Scripps Health CEO Honored Again
Scripps Health President and CEO Chris Van Gorder has been included on Modern Healthcare’s annual ranking of the nation’s 100 Most Influential People in Healthcare, which was published in the magazine’s Aug. 21 edition. This is the ninth time that Van Gorder has made the most influential list. He was the only person from San Diego County to make the rankings.
Van Gorder oversees more than 15,000 employees at five acute-care hospital campuses and 27 outpatient clinics operated by the nonprofit health system in San Diego County. More than 3,000 physicians are affiliated with the organization.
Nomad Donuts Opens its 2nd Shop
Featuring Canadian-Inspired Bagels
Nomad Donuts today will open its second location in the heart of North Park following several months of construction on the 3,200-square-foot former Lady of the Lake bookstore.
Nomad Donuts’ new location at 3102 University Ave. will add to its range of donuts with features like a Cuban design, Australian-style coffee and Canadian-inspired bagels.
“Our new University Avenue location is the realization of a vision we had back in February 2015 and I’m excited to add bagels to our offerings,” said Brad Keiller, owner of Nomad Donuts. “I’m even more excited to give Kristianna and the Nomad crew the tools and facility they deserve and can’t wait to share their creativity with the neighborhood. This new shop also allows us to overcome capacity issues that held us back from greater community involvement, which has always been a priority for me.”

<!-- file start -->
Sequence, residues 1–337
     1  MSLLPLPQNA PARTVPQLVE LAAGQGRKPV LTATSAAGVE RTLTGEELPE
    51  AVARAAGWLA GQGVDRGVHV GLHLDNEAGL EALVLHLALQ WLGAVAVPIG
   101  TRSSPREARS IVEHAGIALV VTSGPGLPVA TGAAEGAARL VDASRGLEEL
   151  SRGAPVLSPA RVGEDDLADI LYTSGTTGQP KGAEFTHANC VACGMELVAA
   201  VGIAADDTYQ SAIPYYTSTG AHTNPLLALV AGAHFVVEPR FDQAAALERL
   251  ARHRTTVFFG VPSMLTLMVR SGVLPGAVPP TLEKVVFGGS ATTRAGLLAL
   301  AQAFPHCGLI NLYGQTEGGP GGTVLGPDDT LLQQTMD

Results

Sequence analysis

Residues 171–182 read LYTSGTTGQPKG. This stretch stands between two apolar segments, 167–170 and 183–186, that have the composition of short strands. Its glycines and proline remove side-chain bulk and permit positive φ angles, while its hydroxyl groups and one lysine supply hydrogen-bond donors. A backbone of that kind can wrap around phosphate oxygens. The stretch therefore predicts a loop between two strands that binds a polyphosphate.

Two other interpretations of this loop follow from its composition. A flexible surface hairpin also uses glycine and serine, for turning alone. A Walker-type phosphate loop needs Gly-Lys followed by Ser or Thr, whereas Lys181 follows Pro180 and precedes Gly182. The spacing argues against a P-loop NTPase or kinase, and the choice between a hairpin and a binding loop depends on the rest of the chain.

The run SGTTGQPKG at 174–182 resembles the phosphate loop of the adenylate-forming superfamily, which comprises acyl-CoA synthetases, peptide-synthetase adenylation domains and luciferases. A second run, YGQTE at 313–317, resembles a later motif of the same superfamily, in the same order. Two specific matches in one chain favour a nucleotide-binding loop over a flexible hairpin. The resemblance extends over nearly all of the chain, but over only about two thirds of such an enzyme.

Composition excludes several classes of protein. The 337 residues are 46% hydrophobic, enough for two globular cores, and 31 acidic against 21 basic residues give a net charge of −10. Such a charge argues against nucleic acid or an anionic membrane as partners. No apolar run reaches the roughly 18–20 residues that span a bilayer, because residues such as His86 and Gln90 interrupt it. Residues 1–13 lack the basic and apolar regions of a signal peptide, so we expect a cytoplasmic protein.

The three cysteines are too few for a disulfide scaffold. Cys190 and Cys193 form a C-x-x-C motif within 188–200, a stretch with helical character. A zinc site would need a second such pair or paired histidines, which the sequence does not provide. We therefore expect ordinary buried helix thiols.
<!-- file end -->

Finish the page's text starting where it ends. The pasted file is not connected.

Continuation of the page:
Nomad Donuts’ second location is an expanded and evolved version of its original shop on 30th Street in Normal Heights.
The shop’s large interior boasts an open kitchen and floor-to-ceiling windows through which passers-by can view the bagel-making process and wood fire oven. Along the counter, guests can peruse a trio of display cases housing the day’s made-from-scratch donuts, bagels and other pastries.Aqua walls, colorful tiling and hardwood countertops create a Caribbean feel inspired by writer Ernest Hemingway’s home in Cuba, while assorted wooden captain’s chairs and tables atop a polished concrete floor add to the shop’s slightly rustic charm.
Don’t Feed the Birds
The Port of San Diego has begun installing signs urging the public to refrain from feeding birds. There has been an increase of citizens leaving food out for birds in various Port park locations which has resulted in an increase of seagulls, pigeons and other varieties of birds. The birds often will rummage through trash receptacles, strewing debris and leaving large amounts of fecal deposits in these areas. The fecal material can sometimes run off into San Diego Bay, degrading the water quality with increased bacteria. This can lead to beach closures.